Policy making during crises: how diversity and disagreement can help manage the politics of expert advice
Alfred Moore and Michael K MacKenzie argue that greater openness about disagreement among diverse types of experts makes it harder for political leaders to politicise expertise.
Whenever scientists provide advice to political leaders they risk their expert authority being used in ways they cannot control in order to serve political ends. At one extreme, when they give unwelcome advice they risk being dismissed on the grounds that they must be taking sides. At the other extreme, expert authority can be used to shield political leaders from responsibility. The UK government, for example, has repeatedly insisted that it has simply been “following the science” when making decisions during the covid-19 pandemic, even though experts do not speak with one voice and scientific facts alone cannot determine how political (or ethical or moral) judgments should be made.
These two extreme responses—ostentatious dismissal of expert advice and ostentatious deference to it—work by denying the importance of legitimate disagreement and uncertainty. In the first case, disagreement is dismissed as being politically motivated. In the second, disagreement is masked altogether. Both temptations are strong when decision makers come under pressure, as they do during crisis situations.
While many have rightly focused on the ethos and duties of experts in political contexts, we focus on the role that political institutions can play in helping to manage the politics of expertise more effectively and legitimately. Drawing on findings from behaviour research, we identify two principles to guide the institutionalisation of expert advice. The first involves ensuring that diverse perspectives—both disciplinary and social—are adequately represented when expert advice is given and consulted. The second has to do with protecting, promoting, and normalising disagreement among diverse sets of experts. […]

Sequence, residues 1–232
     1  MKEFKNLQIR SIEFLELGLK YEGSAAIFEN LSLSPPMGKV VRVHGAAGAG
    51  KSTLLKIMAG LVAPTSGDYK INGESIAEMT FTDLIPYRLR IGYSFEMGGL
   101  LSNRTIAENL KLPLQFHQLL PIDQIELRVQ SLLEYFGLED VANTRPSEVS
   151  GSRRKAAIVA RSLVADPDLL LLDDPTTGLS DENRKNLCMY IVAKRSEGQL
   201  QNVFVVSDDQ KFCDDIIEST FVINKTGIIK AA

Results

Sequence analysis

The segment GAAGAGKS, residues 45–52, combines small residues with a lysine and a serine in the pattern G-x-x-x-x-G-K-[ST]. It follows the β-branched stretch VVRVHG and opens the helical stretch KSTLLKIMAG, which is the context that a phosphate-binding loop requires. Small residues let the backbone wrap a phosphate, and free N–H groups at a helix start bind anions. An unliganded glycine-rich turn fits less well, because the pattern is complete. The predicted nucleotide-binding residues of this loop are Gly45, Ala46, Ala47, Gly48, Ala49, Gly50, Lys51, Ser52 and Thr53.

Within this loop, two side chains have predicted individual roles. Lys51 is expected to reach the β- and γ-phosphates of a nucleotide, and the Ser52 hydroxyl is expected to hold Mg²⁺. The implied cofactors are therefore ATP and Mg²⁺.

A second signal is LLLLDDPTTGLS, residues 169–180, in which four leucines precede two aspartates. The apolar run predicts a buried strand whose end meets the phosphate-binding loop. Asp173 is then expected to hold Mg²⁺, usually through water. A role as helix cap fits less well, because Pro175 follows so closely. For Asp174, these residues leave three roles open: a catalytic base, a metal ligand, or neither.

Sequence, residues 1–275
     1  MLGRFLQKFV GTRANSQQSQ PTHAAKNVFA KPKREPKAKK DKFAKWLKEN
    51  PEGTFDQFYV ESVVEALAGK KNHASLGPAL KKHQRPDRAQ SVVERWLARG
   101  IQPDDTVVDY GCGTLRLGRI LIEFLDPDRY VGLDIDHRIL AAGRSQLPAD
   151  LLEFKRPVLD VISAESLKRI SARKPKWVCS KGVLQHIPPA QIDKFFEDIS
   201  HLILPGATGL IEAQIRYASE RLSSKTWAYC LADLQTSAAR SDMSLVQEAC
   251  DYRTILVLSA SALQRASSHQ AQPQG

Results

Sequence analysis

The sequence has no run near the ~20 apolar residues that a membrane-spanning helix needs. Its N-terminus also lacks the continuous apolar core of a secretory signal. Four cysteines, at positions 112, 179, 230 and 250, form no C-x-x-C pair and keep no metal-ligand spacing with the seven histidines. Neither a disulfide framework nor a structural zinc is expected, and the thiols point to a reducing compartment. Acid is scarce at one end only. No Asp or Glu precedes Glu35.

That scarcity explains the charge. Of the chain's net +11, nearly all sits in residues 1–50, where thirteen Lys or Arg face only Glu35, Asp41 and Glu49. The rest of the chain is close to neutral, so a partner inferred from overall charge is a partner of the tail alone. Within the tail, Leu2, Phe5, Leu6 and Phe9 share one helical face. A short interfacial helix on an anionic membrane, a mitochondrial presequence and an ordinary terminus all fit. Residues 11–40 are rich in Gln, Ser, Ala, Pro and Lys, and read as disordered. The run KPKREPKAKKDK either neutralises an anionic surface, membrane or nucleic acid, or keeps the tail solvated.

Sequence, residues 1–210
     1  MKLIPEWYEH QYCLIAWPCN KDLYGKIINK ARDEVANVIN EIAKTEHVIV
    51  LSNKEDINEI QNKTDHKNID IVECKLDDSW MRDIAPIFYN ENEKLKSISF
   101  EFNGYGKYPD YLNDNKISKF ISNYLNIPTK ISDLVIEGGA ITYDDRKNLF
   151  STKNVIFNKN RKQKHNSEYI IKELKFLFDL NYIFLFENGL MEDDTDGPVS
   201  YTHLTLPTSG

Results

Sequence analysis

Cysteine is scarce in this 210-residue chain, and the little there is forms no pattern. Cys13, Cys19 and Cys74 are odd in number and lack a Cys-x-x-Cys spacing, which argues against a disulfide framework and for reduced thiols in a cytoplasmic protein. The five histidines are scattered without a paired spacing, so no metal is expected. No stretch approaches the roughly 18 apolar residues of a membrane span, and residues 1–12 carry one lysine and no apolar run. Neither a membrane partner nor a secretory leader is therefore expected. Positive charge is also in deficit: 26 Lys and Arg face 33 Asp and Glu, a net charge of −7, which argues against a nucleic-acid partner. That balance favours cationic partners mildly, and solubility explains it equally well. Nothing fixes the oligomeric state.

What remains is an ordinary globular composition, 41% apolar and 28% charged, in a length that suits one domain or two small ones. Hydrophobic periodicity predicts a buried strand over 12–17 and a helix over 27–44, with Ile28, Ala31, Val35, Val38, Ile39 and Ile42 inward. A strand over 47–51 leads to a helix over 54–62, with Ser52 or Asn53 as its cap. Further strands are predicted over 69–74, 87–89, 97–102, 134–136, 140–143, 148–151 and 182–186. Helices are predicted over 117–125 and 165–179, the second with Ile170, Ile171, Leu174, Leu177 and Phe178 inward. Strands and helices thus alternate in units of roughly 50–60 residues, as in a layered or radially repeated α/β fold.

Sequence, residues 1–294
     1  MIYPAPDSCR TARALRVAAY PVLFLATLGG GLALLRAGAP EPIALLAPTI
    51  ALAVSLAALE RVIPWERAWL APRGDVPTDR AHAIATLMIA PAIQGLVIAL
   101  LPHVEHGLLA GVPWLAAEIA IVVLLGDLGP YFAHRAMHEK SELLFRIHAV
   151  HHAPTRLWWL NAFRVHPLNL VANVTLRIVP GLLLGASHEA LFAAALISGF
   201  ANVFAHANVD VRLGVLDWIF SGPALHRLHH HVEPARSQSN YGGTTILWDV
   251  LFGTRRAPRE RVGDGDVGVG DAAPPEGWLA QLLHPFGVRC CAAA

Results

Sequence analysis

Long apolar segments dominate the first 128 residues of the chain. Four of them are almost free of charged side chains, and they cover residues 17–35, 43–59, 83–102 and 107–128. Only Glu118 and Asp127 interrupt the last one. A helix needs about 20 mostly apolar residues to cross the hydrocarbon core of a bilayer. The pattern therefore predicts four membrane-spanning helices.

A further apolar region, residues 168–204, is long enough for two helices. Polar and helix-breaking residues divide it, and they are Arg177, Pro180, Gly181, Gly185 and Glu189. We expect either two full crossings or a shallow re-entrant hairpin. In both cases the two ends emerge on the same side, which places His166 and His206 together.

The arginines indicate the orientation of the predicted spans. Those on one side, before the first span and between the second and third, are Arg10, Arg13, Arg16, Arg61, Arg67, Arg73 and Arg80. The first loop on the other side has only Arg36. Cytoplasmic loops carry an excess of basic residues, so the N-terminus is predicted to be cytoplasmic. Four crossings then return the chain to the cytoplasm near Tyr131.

Creating institutions that establish norms and expectations of legitimate disagreement as part of the process of forming and communicating expert advice would make it easier for experts to stay true to their expertise and harder for politicians to hide their judgments behind the science. The principles and institutions we have discussed are, of course, not a magic bullet: their effectiveness will depend to a large extent on the political environments into which expert advice is inserted. At the same time, they would help make those political environments more receptive to expert advice by minimising the opportunities that political leaders have to distort that advice or simply defer to it for their partisan purposes. Our proposals can thus be seen as a step towards enhancing the quality of public deliberation and, ultimately, political judgment, in our political systems by encouraging an attitude not of blind deference to the science but of allegiance to the norms of science itself: a respect for diversity of opinion and the value of disagreement in processes of inquiry.